Microsoft Releases Teams Administrative Roles

Teams Splash

Teams Roles Now Available

In a surprise move because we expect Microsoft to keep all announcements until the Ignite conference rolls around next week, Microsoft released four new administrative roles to help Office 365 tenants to manage Teams more effectively, especially when the complexity of the Teams infrastructure for video and audio meetings and calling scales up.

Four New Roles

This move is to help organizations move from Skype for Business Online to Teams. Office 365 tenant administrators already have the necessary rights to manage Teams through the Teams and Skype for Business Admin Center or PowerShell. In small tenants, it’s likely that the tenant administrator will manage Teams along with all the other workloads. However, if you run a larger tenant, you can assign the new administrative roles to users to allow them to perform specific management actions for Teams. The new roles are:

  • Teams Service Administrator: This role can perform every action available in the Teams and Skype for Business Admin Center. Anyone assigned the role can also run the equivalent PowerShell cmdlets.
  • Teams Communications Administrator: Anyone assigned this role can manage the meetings and voice settings for Teams, including the ability to troubleshoot call quality problems. This role is typically given to those responsible for managing the video and audio meeting infrastructure for a tenant, something that often needs specialized knowledge and experience that might not be possessed by the average Office 365 tenant admin.
  • Teams Communications Support Engineer: This role is intended for people who use Call Analytics to monitor and address issues in call quality. People with this role access user information to see call data, but they have no access to policies, org-wide settings, or meeting configuration.
  • Teams Communications Support Specialist: This role allows a specialist to perform basic troubleshooting for calls for a specific user and is intended for first-level support staff.

The four roles might appear to complicate administration. However, the full set is designed to accommodate the needs of the most complex Office 365 tenants and you do not have to use any of these roles if you don’t see the need. Documentation explaining the details of what each role can do is available online.

Assignment Through Azure Active Directory

Unlike other Office 365 custom roles, the Teams roles do not yet appear in the Office 365 Admin Center.  This is probably just a timing issue and I expect Microsoft will close this gap soon. For now, to assign a Teams administrative role, go to the Azure Active Directory portal, select the target user, then Directory role, and then pick the role or roles you want to assign (Figure 1).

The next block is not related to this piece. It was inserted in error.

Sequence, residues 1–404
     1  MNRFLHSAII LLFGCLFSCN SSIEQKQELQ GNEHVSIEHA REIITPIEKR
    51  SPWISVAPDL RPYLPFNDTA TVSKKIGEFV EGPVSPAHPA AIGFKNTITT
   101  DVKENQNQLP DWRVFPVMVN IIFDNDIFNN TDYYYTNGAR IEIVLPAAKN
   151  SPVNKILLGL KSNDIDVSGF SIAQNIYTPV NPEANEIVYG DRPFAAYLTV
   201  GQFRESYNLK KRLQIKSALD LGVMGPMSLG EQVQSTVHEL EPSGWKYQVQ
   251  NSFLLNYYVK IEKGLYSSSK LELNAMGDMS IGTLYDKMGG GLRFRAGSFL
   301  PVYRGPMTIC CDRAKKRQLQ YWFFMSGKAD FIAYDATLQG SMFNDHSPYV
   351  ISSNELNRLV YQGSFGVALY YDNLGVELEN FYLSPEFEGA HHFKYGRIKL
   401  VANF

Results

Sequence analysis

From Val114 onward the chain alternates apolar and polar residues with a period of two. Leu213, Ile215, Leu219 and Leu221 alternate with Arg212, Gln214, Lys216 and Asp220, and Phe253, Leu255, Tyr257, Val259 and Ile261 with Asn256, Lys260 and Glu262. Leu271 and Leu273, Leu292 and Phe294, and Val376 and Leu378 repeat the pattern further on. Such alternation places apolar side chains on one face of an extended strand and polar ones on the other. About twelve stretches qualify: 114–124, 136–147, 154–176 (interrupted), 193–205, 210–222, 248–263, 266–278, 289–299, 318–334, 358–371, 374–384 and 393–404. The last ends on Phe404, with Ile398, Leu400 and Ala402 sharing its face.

Teams Admin Role
Figure 1: Assigning a Teams administrative role (image credit: Tony Redmond)

Checking with PowerShell

Behind the scenes, Azure Active Directory adds the user to a directory role group. To see details of the role groups in your tenant, connect to PowerShell with the Azure Active Directory module and run:

Many of these role groups are familiar because they underpin the custom administrative roles assigned in the Office 365 Admin Center.
Notice that only two of the four Teams administrative roles are present. This is because Azure Active Directory only creates the role the first time someone is assigned it.
To see who holds a certain role, use the Get-AzureADDirectoryRoleMember cmdlet and pass the object identifier of the role. For example.

If you want to see the cmdlets assigned to a role, run PowerShell and log in as someone holding the role you want to examine. Connect to the Skype for Business PowerShell module and create a new session. PowerShell gives the session a name and you can run the Get-Command cmdlet to see the list of cmdlets available in the session.

Maturing Teams

Custom administrative roles are not a new concept, but it’s nice to see them arriving for Teams as it marks an increasing maturity in the administrative processes surrounding the product. The next thing you know, we’ll get an enhanced PowerShell module for Teams

Follow Tony on Twitter @12Knocksinna.

Want to know more about how to manage Office 365? Find what you need to know in “Office 365 for IT Pros”, the most comprehensive eBook covering all aspects of Office 365. Available in PDF and EPUB formats (suitable for iBooks) or for Amazon Kindle.


Don't have a login but want to join the conversation? Sign up for a Petri Account

Tony Redmond has written thousands of articles about Microsoft technology since 1996. He covers Office 365 and associated technologies for and is also the lead author for the Office 365 for IT Pros eBook, updated monthly to keep pace with change in the cloud.